Anaemia caused by iron deficiency is very prevalent in India and in Indian children. Various studies have shown prevalence between 14% to 88% (!!) even in urban upper-middle class children1. Doctors and paediatricians also tell us that they see a high prevalence of iron deficiency in India.
Iron deficiency anaemia is caused through reduced iron in the body. Iron is used to produce haemoglobin, which in turn is used to produce red blood cells (RBC), RBC is used to transport oxygen to various parts of the body and this gets affected when iron is deficient.
Iron deficiency anaemia is problem that progressed gradually. It is not easy to recognize it at first, as the body adapts to the problem. But over time, it becomes more pronounced. Action needs to be taken early.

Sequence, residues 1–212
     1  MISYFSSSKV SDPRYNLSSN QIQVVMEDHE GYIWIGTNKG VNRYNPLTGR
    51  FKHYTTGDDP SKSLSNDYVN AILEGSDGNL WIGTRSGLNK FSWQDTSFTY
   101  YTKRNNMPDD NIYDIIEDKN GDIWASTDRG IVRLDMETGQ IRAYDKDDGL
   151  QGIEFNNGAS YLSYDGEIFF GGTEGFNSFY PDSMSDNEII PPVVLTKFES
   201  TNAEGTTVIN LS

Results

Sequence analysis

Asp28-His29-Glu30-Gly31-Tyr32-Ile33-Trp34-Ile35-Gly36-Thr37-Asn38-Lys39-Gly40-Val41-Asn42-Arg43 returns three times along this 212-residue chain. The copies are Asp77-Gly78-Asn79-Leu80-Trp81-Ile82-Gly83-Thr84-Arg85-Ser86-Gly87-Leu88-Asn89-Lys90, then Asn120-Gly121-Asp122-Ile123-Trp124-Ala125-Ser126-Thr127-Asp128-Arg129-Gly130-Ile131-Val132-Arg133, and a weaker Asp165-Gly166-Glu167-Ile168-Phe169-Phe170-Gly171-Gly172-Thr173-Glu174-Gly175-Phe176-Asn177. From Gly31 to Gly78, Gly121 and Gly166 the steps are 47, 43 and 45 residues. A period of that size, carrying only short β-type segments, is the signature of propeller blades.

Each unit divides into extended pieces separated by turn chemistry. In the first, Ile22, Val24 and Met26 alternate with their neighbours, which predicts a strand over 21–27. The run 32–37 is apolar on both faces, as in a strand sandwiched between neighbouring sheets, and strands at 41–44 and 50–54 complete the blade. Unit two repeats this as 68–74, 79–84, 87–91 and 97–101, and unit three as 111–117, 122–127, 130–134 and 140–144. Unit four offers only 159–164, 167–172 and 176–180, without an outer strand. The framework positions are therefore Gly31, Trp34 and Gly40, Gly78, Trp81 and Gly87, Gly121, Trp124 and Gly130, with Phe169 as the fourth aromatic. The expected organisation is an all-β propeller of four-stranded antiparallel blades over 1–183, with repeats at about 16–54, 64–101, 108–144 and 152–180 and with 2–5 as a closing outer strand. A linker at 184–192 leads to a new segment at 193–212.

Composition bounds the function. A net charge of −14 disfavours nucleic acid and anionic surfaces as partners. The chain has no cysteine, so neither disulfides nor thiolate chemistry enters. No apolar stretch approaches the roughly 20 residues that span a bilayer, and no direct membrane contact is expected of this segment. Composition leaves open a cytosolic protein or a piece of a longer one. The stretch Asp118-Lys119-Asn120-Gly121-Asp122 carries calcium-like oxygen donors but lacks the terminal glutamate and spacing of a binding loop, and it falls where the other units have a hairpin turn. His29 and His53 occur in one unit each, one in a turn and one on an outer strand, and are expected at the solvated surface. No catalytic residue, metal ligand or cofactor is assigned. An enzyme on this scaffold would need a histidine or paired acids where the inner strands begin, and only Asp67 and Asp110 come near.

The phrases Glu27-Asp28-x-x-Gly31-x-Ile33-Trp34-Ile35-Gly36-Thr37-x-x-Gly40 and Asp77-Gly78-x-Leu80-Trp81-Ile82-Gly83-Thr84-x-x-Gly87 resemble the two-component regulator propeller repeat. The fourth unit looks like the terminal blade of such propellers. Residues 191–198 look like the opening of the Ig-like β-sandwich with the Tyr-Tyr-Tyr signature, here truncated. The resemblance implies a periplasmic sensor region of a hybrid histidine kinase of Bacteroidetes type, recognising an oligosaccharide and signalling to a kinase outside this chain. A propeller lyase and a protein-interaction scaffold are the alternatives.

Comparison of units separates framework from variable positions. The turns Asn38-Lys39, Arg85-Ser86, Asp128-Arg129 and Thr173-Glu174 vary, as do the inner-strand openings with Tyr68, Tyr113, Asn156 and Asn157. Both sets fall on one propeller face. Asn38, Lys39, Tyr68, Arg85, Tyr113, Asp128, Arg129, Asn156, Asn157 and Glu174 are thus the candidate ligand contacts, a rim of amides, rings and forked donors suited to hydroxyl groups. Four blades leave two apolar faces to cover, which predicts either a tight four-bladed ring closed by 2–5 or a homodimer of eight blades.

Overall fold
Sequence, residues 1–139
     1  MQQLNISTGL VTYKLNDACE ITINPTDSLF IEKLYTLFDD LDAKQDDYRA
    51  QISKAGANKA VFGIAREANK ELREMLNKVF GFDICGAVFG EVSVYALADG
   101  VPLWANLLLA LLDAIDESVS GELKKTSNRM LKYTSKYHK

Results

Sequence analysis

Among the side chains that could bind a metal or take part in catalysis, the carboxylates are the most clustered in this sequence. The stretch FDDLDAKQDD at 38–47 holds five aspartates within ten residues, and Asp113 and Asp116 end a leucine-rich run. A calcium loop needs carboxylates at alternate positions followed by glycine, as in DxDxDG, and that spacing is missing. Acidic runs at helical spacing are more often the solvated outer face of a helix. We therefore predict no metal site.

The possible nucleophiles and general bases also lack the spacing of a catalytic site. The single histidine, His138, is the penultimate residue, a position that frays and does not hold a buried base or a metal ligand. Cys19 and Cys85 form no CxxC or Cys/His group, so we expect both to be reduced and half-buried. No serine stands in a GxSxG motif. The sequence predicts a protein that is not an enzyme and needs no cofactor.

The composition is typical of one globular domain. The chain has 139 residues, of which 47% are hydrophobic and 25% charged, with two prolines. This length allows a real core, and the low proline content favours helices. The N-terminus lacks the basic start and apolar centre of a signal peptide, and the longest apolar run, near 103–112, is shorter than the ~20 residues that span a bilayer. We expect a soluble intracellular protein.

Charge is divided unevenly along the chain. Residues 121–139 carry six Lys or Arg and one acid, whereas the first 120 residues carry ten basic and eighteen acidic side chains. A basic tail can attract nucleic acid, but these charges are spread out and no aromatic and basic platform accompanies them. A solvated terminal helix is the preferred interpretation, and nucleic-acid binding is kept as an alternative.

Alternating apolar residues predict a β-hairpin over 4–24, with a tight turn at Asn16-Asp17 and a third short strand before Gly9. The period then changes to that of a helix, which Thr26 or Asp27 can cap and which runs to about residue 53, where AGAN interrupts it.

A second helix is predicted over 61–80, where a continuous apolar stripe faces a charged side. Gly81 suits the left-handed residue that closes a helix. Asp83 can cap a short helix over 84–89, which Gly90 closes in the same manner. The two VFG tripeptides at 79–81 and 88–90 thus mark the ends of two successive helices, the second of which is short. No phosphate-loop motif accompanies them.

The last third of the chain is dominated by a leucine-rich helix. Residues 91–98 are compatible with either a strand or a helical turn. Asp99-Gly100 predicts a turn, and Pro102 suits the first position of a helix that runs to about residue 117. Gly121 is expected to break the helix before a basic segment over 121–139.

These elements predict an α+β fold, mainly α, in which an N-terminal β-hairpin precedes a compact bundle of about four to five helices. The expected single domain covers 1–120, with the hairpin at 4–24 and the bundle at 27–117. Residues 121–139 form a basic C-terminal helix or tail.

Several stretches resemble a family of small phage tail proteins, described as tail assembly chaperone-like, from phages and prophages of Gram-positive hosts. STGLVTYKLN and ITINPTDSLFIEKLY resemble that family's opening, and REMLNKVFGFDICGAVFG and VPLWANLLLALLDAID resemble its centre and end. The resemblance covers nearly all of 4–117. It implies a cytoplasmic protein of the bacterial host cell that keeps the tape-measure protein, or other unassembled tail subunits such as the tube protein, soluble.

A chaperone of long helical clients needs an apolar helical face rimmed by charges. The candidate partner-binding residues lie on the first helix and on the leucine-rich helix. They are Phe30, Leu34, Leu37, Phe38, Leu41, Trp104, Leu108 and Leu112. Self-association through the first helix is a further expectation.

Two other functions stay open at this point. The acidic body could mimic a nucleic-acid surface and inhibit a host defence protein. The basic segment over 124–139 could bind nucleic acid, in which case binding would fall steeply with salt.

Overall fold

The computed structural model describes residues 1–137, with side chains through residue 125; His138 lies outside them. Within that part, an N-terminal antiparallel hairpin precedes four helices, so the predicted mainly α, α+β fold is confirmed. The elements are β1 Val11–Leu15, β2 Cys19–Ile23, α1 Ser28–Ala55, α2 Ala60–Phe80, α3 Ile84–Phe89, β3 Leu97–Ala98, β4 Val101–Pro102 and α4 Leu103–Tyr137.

Prolonged iron deficiency can cause permanent effects like2
From the age of 1, chldren typically transition to eating food that is cooked for the family (with a little less spice). The entire family should ensure that the diet contains foods that are rich in iron. If you buy any off-the-shelf foods (cereals etc.,), get the ones that are iron fortified.
However, even if you eat a lot of foods rich in iron, the amount of iron your children get may not be enough (especially vegetarians who also drink a lot of cow's milk). So keep an eye open for the symptoms described above If you notice the symptoms, talk to your paediatrician about giving them an iron supplement.
Foods that are rich in iron are:
1. G. Srihari, A. Eilander, S. Muthayya, A.V. Kurpad and S. Seshadri, "Nutritional Status of Affluent Indian School Children: What and How Much Do We Know?", Indian Pediatrics 2007; 44:199-203
2. "Preventing Iron Deficiency in Women and Children: Background and Consensus on Key Technical Issues and Resources for Advocacy, Planning and Implementing National Programmes", UNICEF/UNU/WHO/MI Technical Workshop, UNICEF, New York , 7–9 October 1998
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